Saving the Hudson Valley’s Bees Through Sculpture

Spring is  right around the corner, which means flowers will soon be in bloom and bees will return to pollinate them. But now,more than ever,we need to help save the bees.

SUNY New Paltz sculpture professor Emily Puthoff and fourth-year sculpture BFA Lindsay Loforté aim to save the bees by educating the public on how to do so and creating 3D printed bee habitats. 

Puthoff, co-founder of the Hudson Valley Bee Habitat (HVBH), has a mission: “To pollinate public engagement with the environment and each other through the arts, bees and mindfulness.” 

The HVBH is related to a sculpture class assignment about sustainability Puthoff gave a few years ago. The ultimate goal of the project is to collaborate with the Kingston Bee-Line to do a large-scale public art piece, create an education workshop, and place the habitats in various backyards. 

“I wanted to give them an assignment about sustainability and I thought, ‘Well, bees are about sustainability and they’re in the news’ and I didn’t know anything about bees and why they were dying, like literally nothing,” Puthoff said. “I was like, ‘Oh, there’s colonies that’s something.’ So I invited a local beekeeper, Chris Hart, to class to teach us about honey bees and [he] totally blew our minds.”

Through research and the SUNY New Paltz Summer Undergraduate Research Experience (SURE), Puthoff and Loforté have created 3D printed designs of habitats for solitary bees, a type of bee that isn’t as aggressive or large in size and does not have a colony or queen to protect. For materials, they used acrylonitrile butadiene styrene (ABS) plastic, which is designed to be sent out and sold, and polylactide acetate (PLA) plastic as the bases of the habitat.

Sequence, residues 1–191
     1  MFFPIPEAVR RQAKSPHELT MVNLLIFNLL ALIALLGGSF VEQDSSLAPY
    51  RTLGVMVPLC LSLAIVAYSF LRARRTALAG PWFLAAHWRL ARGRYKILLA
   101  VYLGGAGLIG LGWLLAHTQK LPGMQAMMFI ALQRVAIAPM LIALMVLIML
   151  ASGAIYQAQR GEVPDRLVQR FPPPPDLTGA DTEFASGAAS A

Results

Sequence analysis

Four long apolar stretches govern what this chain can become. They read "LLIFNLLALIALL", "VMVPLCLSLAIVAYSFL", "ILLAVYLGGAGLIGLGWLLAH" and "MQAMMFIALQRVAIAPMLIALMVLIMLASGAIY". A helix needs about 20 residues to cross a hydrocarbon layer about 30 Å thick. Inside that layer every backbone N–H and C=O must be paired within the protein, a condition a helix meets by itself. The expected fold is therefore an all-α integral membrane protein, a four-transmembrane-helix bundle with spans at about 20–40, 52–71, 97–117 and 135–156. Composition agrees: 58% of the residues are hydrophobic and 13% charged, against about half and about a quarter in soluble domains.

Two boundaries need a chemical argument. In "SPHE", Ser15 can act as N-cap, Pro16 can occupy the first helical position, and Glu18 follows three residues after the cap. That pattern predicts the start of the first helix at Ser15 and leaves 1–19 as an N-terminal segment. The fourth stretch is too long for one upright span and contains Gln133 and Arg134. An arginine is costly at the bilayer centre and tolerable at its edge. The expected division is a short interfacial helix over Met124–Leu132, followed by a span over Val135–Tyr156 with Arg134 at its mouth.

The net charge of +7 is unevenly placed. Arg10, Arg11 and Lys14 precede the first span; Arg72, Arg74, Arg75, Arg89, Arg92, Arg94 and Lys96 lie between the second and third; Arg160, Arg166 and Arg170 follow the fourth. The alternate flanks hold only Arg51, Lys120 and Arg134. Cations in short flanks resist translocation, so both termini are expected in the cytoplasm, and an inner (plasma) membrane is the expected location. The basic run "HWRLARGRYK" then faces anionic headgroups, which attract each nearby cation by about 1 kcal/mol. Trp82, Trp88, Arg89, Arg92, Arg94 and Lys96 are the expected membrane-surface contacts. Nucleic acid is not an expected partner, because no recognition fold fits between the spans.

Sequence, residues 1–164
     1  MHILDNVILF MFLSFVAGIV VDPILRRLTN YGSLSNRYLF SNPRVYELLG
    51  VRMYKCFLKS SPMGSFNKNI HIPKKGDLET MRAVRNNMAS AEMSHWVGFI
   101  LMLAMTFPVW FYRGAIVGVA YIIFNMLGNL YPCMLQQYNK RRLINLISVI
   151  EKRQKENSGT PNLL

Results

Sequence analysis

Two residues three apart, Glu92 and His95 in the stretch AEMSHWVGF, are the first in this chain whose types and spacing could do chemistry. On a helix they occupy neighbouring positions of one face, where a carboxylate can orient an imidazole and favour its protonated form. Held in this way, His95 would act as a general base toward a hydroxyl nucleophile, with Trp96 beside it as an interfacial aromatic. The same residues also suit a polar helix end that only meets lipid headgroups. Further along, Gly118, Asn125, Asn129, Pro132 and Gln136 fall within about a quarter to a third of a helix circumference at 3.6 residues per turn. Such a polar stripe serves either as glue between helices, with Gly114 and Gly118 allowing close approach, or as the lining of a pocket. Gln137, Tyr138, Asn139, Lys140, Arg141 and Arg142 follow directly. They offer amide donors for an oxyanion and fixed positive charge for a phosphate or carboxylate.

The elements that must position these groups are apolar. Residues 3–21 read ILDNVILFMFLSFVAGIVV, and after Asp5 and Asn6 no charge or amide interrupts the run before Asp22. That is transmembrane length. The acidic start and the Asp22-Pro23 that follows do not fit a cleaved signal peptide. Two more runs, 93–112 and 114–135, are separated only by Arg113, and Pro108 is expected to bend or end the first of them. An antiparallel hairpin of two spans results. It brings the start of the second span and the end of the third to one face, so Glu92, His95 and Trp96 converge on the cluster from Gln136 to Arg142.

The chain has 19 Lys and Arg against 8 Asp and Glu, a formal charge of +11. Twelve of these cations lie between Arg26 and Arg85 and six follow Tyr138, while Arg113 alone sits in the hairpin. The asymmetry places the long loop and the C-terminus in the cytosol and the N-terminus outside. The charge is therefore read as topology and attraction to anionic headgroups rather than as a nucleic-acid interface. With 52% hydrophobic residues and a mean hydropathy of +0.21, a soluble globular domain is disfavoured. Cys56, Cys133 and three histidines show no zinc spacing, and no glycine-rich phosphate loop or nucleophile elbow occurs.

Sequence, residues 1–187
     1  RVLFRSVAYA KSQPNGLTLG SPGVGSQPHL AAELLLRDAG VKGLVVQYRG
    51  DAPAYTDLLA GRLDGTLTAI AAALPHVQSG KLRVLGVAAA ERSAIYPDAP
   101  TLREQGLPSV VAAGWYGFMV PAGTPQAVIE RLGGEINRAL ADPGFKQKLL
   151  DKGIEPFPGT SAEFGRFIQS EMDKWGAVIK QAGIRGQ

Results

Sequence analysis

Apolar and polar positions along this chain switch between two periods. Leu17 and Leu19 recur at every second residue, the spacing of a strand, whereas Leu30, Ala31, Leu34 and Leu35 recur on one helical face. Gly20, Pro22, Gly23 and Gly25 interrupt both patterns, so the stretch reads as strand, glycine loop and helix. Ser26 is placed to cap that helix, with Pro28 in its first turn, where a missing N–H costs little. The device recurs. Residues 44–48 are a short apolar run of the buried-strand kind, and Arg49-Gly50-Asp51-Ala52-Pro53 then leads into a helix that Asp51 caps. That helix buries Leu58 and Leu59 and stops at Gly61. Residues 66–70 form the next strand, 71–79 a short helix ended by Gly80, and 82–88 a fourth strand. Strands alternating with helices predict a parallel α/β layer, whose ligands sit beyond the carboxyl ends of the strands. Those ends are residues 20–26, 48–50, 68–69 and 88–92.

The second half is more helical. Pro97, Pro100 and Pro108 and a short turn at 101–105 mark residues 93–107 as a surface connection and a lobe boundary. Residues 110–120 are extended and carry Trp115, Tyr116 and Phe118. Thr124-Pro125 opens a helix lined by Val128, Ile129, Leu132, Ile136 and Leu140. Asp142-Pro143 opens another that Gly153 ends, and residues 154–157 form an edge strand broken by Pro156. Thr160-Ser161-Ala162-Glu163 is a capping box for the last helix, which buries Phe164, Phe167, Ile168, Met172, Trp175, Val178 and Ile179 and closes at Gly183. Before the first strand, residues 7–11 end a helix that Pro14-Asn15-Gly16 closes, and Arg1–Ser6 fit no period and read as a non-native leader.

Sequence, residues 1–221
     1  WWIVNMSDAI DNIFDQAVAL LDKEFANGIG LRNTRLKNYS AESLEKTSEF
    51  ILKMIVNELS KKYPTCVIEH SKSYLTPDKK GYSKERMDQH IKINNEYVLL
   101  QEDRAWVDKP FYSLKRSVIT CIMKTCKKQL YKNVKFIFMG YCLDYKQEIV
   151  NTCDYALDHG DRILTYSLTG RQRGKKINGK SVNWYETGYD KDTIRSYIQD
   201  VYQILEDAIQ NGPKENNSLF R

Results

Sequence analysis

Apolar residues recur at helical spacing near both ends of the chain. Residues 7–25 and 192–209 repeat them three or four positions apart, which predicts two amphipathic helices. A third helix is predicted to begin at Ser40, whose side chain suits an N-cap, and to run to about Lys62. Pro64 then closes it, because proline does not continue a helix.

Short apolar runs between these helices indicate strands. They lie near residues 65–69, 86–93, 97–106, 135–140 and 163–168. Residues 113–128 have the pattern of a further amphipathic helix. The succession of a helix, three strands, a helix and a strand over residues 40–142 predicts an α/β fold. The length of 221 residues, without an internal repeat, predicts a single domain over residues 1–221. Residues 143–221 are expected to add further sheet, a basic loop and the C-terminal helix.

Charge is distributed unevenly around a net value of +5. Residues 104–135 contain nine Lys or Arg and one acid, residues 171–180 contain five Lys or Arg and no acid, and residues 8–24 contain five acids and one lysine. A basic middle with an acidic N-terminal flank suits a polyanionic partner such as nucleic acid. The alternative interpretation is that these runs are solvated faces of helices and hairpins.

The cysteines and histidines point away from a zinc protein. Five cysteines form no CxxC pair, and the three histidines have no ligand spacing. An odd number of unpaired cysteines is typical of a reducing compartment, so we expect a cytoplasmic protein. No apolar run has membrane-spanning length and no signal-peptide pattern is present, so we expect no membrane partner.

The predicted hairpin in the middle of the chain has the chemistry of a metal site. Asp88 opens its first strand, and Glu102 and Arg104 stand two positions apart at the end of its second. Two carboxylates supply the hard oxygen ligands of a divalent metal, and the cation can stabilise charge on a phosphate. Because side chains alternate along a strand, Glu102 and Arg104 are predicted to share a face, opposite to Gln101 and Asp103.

Ideally, this type of bee would be looking for a series of tubes that are nesting quality, so inside there are cardboard casted tubes made out of reeds to mimic the type of environment a female bee would be attracted to for laying eggs.   

“The housing is the same and it has a little lip and has this silicon band and the tops are different,” Puthoff said. “You’ll see in the museum all of our designs. We wanted to base them off of different flower forms, mostly for the humans.”

Although the habitats have yet to be tested in the elements, most of the challenges Puthoff and Loforté face are receiving funding and a general misunderstanding of bees. They’ve realized that the public believes any kind of bee will sting. However, further education will help relieve that fear. 

Unlike honeybees, solitary bees do not produce honey or have a territory to protect. They’ll only sting if you step on them, but some of these types of bees don’t have stingers that can penetrate your skin. None of them would affect your pets or children, Loforté emphasized. 

“While solitary bees don’t create honey, they’re far more efficient pollinators and they’re non-aggressive,” she said. “They’re much easier to invite and they’ll come and go and won’t bother you. They can do their job under the radar like little bee ninjas. Why wouldn’t a family want to learn about that? Why wouldn’t the public want that if it comes with all the benefits, but a lot less of the risks?”

This semester, Loforté and Puthoff will be testing their habitats in the elements, assigning them to various locations, taking notes, as well as experimenting with different colors and patterns that are made to attract solitary bees. 

“I wanted to highlight the importance of working with student researchers,” Puthoff said. “It’s a real high impact learning opportunity that at a liberal arts education college and we need more of that.”

The designs can be found in “Intimately Unfamiliar,” which is open at the Samuel Dorsky Museum of Art until April 9.

For more information about the HVBH, visit and follow them on social media @hvbees.